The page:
Sleeping at an Auto Body Shop Parking Lot in Hastings, New York

September 6, 2007 | by brett | Permalink

It would have been nice to have been writing this blog post from the picturesque Thousand Islands in Central New York, camping next to Jay’s uncle with full hookups and showers.

Instead, we are sleeping in the parking lot of an auto repair shop in between the cities of Hastings and Cicero, waiting for the shop to open so we can get the A/C compressor fixed.

You see, the A/C compressor snapped the serpentine belt, which then caused us to lose our power steering and severely affected our brakes. We essentially became a moving, six ton, 30 foot danger to all motorists and pedestrians around us.

So that’s why we are in this parking lot, waiting for this shop to open so we might have an outside chance at still having a campus day at Syracuse University.

Wish us luck.

University of Buffalo Campus Day

September 4, 2007 | by brett | Permalink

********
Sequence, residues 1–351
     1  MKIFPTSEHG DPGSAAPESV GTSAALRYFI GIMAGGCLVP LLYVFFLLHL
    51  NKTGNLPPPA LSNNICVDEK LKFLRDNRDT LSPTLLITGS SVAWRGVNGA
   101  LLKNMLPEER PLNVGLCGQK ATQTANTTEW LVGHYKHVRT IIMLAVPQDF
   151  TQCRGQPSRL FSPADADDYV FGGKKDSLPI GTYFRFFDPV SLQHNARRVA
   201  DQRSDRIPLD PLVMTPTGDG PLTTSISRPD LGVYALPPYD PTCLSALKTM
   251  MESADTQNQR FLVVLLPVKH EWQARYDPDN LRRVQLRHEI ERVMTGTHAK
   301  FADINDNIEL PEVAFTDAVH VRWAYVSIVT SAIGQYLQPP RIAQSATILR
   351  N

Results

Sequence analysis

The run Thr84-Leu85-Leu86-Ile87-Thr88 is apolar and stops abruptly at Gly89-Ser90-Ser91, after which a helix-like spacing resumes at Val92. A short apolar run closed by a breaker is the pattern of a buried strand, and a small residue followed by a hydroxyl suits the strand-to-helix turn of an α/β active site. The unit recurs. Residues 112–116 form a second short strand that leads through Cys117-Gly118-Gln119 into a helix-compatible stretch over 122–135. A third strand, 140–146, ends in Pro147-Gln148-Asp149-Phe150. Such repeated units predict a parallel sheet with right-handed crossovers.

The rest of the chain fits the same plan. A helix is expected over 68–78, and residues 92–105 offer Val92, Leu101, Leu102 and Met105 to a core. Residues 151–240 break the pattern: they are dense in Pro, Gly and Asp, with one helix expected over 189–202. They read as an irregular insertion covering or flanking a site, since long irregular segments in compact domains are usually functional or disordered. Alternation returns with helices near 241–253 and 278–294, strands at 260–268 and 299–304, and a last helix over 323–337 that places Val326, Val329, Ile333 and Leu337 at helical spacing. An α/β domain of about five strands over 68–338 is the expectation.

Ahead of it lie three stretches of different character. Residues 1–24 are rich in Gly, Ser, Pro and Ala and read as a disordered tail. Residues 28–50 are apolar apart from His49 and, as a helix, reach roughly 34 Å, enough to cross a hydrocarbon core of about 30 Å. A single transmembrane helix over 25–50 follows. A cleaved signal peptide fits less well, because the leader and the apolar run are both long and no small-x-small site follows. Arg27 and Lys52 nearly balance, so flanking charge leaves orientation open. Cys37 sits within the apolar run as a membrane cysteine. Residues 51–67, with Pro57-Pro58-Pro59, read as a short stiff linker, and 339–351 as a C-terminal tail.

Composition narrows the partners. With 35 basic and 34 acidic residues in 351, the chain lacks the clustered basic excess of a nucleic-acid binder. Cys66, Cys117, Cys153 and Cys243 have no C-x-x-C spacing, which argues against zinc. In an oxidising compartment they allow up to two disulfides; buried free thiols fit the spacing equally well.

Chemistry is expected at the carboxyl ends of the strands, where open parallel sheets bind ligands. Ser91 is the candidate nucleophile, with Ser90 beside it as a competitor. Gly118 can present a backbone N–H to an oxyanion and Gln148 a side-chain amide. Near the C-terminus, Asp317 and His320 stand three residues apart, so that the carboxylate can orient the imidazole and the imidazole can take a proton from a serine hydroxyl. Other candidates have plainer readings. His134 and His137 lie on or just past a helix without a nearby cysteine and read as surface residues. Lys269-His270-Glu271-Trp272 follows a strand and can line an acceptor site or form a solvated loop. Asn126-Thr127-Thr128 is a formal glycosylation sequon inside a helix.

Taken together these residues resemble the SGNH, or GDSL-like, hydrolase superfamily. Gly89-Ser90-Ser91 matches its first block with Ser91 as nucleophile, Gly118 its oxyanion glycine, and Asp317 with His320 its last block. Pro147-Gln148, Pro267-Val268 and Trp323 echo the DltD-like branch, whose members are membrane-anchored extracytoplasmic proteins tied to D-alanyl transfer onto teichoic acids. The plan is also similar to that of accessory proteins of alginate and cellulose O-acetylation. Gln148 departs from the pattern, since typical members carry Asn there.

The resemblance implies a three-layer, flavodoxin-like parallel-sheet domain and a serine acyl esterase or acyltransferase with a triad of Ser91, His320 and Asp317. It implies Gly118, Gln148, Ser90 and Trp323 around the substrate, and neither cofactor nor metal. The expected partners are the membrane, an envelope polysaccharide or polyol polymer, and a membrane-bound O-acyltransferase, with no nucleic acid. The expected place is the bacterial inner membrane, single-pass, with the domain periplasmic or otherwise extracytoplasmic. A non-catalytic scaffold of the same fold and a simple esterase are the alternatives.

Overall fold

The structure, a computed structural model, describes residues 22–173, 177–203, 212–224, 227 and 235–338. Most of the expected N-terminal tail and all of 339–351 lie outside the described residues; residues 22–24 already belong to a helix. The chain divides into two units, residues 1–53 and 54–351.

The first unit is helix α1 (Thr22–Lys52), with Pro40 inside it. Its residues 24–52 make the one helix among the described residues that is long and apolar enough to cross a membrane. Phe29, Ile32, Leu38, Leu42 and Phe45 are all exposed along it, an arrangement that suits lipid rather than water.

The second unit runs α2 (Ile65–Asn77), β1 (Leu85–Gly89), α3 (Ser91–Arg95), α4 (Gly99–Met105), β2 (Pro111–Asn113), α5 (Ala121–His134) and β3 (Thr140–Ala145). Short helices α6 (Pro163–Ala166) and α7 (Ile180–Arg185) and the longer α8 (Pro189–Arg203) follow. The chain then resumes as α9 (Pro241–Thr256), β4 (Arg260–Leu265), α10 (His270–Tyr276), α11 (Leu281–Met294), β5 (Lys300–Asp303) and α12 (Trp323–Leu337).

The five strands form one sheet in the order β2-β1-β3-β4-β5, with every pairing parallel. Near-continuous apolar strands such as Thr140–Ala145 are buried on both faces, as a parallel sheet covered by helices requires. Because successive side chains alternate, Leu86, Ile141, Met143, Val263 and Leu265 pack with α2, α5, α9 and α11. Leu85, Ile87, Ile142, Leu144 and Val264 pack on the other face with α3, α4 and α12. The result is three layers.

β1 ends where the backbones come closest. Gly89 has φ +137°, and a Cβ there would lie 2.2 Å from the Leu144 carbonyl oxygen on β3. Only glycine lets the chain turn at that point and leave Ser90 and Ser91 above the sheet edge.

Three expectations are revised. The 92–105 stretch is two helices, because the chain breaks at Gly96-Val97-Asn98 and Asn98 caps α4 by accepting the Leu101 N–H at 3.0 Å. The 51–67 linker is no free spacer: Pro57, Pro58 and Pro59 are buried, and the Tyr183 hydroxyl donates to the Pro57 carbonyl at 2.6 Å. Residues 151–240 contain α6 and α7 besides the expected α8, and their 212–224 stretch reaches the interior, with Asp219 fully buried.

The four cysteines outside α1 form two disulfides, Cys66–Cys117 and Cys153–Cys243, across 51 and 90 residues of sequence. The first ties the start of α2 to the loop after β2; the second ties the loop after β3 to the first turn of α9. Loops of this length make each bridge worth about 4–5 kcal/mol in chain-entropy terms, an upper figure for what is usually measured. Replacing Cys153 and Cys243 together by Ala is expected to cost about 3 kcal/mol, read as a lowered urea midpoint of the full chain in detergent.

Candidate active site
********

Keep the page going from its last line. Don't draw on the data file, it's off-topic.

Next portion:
Yesterday we officially had our first campus day at the University of Buffalo, where we parked in a reserved, highly visible spot with a ton of student traffic. Upon arrival, we promptly set up a table adorned with Kronik Energy drinks, a newsletter sign up sheet, a fistful of business cards, a laptop with our website, and of course, speakers blaring music that would attract the young college minds our way.

Our liaison Leslie gave us the introduction to the Buffalo campus to Noah while Zach and I answered questions from a couple reporters. I had placed a couple calls to the local newspaper and the student newspaper about what we were doing, and both of them showed up for interviews. The day couldn’t have started out better.

From noon to two o’clock Zach attracted about ten to fifteen people over for a brief interview to ask questions like:

“What are the obstacles students face when trying to land a job they can be passionate about after school?”

“If you were cruising around in this RV, what would be the one question you would ask?”

“How would you go about using that geography major to find a job?”

The majority of the responses were unanimous…the students had no clue about how to go about finding the job that they really wanted after graduation. Some didn’t know why they had chosen the major they had decided upon. Others just wanted free energy drinks.

It was exactly the kind of response I was looking for. Hundreds of students gawked at the RV. It got our team rejuvenated with a new experience. And we got some great footage.